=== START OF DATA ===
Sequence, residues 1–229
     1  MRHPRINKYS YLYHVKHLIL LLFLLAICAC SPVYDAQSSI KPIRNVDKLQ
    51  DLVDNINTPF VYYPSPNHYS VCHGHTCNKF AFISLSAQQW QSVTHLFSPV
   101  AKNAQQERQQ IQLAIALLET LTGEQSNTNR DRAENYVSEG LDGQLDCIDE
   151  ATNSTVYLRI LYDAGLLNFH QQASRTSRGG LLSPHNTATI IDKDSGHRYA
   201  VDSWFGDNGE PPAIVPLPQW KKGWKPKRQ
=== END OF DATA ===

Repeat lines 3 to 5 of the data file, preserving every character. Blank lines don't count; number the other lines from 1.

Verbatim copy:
    51  DLVDNINTPF VYYPSPNHYS VCHGHTCNKF AFISLSAQQW QSVTHLFSPV
   101  AKNAQQERQQ IQLAIALLET LTGEQSNTNR DRAENYVSEG LDGQLDCIDE
   151  ATNSTVYLRI LYDAGLLNFH QQASRTSRGG LLSPHNTATI IDKDSGHRYA